There was a passage from The Merchant of Venice that played on a loop in my head as I read Sara Taylor’s The Shore:
If you prick us, do we not bleed?
if you tickle us, do we not laugh? if you poison
us, do we not die? and if you wrong us, shall we not
revenge? (Act III, Scene I)
The Shore is a series of interconnected stories about a group of families who live on three barrier islands in Virginia between 1876 and 2143. With one exception, characters are wronged in each chapter. Some character bide their time before taking their vengeance. Others flee and start over on the mainland. For the most part, there are more villains than heroes and lives are hard—harder than they should be. But there’s always the slight hope that tomorrow will bring an opportunity to get one’s own back.
It takes a while to get one’s bearing in The Shore. The stories are not arranged in chronological order. Character names and family stories come up more than once, establishing the connections between the narrators in the various chapters. To make things more difficult, one story is narrated in first person. Another is in second person. Fortunately, most stories are told with a limited third person perspective. All this is by way of explaining how hard it is to summarize The Shore.
If I resort events chronologically, we see a story of a group of people—most related to each other, but some not—who’ve stolen what they have more often than not. Medora, the character furthest back in time, took advantage of a con man who was hoping to use her father as a mark to get away from her abusive parent. She has the con man set up a new plantation for them on Parksley Island. Things turn violent, but Medora gets the best of the scheming con man. Decades later, a segment of the family sets up shop distilling apple brandy just before Prohibition takes effect. Fifteen years or so after that, the family sees a repeat of Medora’s “two husbands” play out before the family splits into more and less respectable branches.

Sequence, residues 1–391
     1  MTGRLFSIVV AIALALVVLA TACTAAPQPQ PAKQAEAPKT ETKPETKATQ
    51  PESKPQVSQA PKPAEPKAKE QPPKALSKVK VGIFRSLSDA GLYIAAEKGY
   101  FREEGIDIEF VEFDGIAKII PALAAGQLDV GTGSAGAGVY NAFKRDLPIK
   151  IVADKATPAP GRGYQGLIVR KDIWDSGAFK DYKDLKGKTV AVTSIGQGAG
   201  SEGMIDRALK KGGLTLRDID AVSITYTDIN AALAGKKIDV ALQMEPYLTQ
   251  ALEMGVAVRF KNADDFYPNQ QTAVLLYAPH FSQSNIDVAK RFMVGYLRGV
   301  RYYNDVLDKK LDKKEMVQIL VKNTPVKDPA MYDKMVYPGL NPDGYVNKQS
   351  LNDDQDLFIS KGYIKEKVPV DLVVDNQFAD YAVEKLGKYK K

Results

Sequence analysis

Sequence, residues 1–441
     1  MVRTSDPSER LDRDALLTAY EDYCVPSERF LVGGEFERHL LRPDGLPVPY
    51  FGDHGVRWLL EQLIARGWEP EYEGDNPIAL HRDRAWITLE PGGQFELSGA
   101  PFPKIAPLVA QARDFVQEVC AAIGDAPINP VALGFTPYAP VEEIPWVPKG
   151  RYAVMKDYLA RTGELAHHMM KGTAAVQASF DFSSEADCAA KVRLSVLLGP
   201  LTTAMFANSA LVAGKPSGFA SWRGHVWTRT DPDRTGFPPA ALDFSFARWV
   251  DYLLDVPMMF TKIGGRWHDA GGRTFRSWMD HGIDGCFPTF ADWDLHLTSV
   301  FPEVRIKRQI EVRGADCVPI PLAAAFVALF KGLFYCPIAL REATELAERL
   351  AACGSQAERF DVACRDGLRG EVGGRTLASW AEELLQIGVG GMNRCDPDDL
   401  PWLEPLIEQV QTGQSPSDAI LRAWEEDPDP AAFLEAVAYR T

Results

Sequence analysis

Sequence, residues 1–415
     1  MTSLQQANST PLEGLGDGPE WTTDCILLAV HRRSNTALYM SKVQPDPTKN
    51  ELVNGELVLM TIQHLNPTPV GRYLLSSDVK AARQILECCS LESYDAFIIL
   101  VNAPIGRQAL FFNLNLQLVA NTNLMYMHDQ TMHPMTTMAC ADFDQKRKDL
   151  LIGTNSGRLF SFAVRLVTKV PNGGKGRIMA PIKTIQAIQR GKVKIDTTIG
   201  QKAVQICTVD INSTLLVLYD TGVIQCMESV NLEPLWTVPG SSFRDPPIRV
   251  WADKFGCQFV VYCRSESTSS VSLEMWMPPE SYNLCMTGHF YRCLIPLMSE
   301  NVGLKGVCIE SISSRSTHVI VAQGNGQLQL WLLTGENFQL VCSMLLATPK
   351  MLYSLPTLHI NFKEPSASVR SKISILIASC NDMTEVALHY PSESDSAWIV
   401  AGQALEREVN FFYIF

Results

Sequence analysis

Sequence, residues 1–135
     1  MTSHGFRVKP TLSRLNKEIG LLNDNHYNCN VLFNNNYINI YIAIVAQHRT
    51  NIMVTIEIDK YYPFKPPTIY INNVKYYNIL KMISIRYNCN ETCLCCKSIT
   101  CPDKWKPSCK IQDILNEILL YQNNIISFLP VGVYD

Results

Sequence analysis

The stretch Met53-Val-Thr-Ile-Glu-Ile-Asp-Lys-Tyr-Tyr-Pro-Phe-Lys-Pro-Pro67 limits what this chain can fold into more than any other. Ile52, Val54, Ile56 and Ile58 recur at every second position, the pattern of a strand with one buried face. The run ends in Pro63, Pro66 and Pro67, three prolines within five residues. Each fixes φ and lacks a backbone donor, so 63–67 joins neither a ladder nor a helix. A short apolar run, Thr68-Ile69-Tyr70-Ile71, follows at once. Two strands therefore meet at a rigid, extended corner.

By the 1980s, poverty, drugs, and sex have stripped away most of the families’ pretensions. The stories set in the 1980s and 90s are the hardest to get through, emotionally speaking. The women are abused by so many of the men around them it’s a wonder they don’t all give in to despair. One of the few characters who has more than one chapter, Chloe Gordy, is one of my favorites. Chloe grew up with a meth-addicted father and learned quickly to beg, borrow, or steal to keep herself and her younger sister fed. When she takes her own rough vengeance on the men who would hurt her, I felt like applauding.
Two stories in The Shore take us into the future, in which a sexually transmitted disease becomes an apocalyptic pandemic. I wasn’t expecting these chapters at all. Most of the book is firmly in the literary and historical fiction genres. The two stories set in the future catapult us into alternate history and speculative fiction. They are, strangely, the most hopeful chapters. In them, characters aren’t seeking revenge. Instead, they are looking to start a new, better life. (On a side note, I loved the regressive language that Taylor used in the story set in 2143. The vocabulary and grammar hark back to the earliest stories and have a beautiful rhythm.)
Through all the stories in The Shore, the islands are more than a background. Their isolation makes the human community its own society by necessity. One gets the impression that the islands are all there is and the mainland might as well be on Mars. Perhaps that’s why the characters seem to have no one else to turn to and must shift for themselves as best they can. The psychological scars the characters bear are echoed in the ecological depredations the islands suffer. And, given enough time, all wounds can be healed.
I received a free copy of this ebook from NetGalley, in exchange for an honest review. It will be released 26 May 2015.